Perhaps the single most dramatic example of this phenomenon of software eating a traditional business is the suicide of Borders and corresponding rise of Amazon. In 2001, Borders agreed to hand over its online business to Amazon under the theory that online book sales were non-strategic and unimportant.
Today, the world’s largest bookseller, Amazon, is a software company — its core capability is its amazing software engine for selling virtually everything online, no retail stores necessary. On top of that, while Borders was thrashing in the throes of impending bankruptcy, Amazon rearranged its web site to promote its Kindle digital books over physical books for the first time. Now even the books themselves are software.
Today’s largest video service by number of subscribers is a software company: Netflix. How Netflix eviscerated Blockbuster is an old story, but now other traditional entertainment providers are facing the same threat. Comcast, Time Warner and others are responding by transforming themselves into software companies with efforts such as TV Everywhere, which liberates content from the physical cable and connects it to smartphones and tablets.
Today’s dominant music companies are software companies, too: Apple’s iTunes, Spotify and Pandora. Traditional record labels increasingly exist only to provide those software companies with content. Industry revenue from digital channels totaled $4.6 billion in 2010, growing to 29% of total revenue from 2% in 2004.
Today’s fastest growing entertainment companies are videogame makers — again, software — with the industry growing to $60 billion from $30 billion five years ago. And the fastest growing major videogame company is Zynga (maker of games including FarmVille), which delivers its games entirely online. Zynga’s first-quarter revenues grew to $235 million this year, more than double revenues from a year earlier. Rovio, maker of Angry Birds, is expected to clear $100 million in revenue this year (the company was nearly bankrupt when it debuted the popular game on the iPhone in late 2009). Meanwhile, traditional videogame powerhouses like Electronic Arts and Nintendo have seen revenues stagnate and fall.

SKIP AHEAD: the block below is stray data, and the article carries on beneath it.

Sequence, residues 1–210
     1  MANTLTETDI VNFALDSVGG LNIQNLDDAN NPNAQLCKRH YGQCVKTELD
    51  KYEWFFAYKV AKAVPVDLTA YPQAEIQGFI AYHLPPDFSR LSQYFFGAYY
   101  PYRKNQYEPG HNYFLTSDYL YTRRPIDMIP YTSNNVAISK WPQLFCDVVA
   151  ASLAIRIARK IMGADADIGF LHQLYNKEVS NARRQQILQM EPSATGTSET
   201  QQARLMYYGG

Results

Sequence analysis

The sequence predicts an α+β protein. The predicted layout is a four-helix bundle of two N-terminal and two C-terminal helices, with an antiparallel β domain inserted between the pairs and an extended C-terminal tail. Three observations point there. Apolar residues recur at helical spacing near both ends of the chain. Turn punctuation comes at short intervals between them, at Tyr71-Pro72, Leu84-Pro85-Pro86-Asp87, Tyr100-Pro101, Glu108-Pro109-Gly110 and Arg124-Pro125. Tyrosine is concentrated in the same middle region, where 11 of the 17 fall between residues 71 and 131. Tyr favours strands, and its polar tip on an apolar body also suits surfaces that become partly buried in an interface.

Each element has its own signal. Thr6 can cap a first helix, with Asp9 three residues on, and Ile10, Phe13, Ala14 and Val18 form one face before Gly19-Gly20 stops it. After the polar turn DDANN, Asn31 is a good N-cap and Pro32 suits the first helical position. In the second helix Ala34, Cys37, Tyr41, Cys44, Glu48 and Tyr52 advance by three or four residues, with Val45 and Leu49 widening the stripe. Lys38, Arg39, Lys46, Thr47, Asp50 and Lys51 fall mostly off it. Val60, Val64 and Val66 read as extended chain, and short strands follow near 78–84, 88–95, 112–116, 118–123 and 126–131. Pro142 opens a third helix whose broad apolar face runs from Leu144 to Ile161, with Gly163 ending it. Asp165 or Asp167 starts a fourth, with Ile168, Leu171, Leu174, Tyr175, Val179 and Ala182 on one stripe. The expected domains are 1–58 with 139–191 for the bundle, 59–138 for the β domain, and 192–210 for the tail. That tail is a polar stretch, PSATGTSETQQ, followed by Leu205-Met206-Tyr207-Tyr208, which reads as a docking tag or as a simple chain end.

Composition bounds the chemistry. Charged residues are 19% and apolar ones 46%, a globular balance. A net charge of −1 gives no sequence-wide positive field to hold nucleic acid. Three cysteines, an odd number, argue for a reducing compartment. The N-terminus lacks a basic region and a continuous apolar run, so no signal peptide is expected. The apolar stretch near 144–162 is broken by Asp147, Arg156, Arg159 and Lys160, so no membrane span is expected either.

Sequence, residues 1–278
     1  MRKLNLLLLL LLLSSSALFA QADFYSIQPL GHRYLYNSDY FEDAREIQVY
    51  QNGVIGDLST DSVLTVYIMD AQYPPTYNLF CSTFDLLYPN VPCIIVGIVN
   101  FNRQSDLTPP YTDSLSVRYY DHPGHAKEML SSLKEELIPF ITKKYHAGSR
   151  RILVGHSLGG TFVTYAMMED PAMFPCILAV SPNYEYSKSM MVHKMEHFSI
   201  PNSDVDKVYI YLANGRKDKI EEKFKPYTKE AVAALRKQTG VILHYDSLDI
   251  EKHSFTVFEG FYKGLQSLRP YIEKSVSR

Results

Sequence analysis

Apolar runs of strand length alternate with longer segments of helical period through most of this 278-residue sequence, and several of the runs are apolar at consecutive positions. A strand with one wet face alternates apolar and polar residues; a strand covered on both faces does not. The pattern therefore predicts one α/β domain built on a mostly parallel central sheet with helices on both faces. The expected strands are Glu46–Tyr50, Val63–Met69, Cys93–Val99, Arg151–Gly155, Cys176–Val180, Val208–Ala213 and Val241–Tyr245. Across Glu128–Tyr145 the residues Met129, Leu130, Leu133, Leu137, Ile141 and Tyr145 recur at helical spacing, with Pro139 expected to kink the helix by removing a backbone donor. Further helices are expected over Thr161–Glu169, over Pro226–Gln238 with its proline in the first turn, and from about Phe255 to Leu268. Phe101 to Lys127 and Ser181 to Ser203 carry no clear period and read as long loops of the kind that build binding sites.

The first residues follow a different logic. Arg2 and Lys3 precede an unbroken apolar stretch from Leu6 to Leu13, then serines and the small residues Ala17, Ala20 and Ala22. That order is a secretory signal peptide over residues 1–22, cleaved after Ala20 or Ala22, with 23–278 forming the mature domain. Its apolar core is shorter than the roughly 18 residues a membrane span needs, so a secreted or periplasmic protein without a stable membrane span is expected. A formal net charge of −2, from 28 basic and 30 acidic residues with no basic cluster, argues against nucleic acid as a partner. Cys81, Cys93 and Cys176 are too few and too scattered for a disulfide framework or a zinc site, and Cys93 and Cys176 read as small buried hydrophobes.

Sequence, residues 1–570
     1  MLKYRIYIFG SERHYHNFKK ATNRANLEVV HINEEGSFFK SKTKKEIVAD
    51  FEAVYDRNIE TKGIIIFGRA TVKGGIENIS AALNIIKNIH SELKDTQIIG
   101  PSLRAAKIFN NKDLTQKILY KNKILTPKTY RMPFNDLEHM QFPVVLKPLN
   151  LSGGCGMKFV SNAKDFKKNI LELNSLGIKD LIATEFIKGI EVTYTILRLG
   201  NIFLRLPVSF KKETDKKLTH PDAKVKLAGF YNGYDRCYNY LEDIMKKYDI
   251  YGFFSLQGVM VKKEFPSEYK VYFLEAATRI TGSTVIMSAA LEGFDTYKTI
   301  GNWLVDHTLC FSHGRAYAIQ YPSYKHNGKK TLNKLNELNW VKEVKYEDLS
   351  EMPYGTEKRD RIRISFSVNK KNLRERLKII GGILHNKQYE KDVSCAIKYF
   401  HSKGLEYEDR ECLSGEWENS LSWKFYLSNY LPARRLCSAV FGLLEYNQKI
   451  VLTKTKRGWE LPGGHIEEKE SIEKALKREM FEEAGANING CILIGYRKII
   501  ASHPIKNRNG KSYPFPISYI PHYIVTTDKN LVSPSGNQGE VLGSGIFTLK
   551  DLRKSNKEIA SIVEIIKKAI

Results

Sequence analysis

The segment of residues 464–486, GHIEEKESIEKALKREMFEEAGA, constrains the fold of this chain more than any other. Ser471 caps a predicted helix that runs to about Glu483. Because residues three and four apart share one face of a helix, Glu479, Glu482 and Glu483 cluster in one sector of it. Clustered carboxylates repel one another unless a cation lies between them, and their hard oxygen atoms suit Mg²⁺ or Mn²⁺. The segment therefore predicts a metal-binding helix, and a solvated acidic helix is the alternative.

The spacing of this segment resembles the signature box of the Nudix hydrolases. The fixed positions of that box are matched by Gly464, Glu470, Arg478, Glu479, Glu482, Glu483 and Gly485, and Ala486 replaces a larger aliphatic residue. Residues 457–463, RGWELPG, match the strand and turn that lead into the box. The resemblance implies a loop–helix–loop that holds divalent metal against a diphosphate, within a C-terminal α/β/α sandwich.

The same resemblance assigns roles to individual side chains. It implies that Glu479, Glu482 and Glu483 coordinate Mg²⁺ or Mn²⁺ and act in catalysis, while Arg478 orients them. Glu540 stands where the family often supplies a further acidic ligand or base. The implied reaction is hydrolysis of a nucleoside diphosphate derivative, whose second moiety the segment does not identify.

The best new movie production company in many decades, Pixar, was a software company. Disney — Disney! — had to buy Pixar, a software company, to remain relevant in animated movies.
Photography, of course, was eaten by software long ago. It’s virtually impossible to buy a mobile phone that doesn’t include a software-powered camera, and photos are uploaded automatically to the Internet for permanent archiving and global sharing. Companies like Shutterfly, Snapfish and Flickr have stepped into Kodak’s place.
Today’s largest direct marketing platform is a software company — Google. Now it’s been joined by Groupon, Living Social, Foursquare and others, which are using software to eat the retail marketing industry. Groupon generated over $700 million in revenue in 2010, after being in business for only two years.
Today’s fastest growing telecom company is Skype, a software company that was just bought by Microsoft for $8.5 billion. CenturyLink, the third largest telecom company in the U.S., with a $20 billion market cap, had 15 million access lines at the end of June 30 –declining at an annual rate of about 7%. Excluding the revenue from its Qwest acquisition, CenturyLink’s revenue from these legacy services declined by more than 11%. Meanwhile, the two biggest telecom companies, AT&T and Verizon, have survived by transforming themselves into software companies, partnering with Apple and other smartphone makers.
LinkedIn is today’s fastest growing recruiting company. For the first time ever, on LinkedIn, employees can maintain their own resumes for recruiters to search in real time — giving LinkedIn the opportunity to eat the lucrative $400 billion recruiting industry.
Software is also eating much of the value chain of industries that are widely viewed as primarily existing in the physical world. In today’s cars, software runs the engines, controls safety features, entertains passengers, guides drivers to destinations and connects each car to mobile, satellite and GPS networks. The days when a car aficionado could repair his or her own car are long past, due primarily to the high software content. The trend toward hybrid and electric vehicles will only accelerate the software shift — electric cars are completely computer controlled. And the creation of software-powered driverless cars is already under way at Google and the major car companies.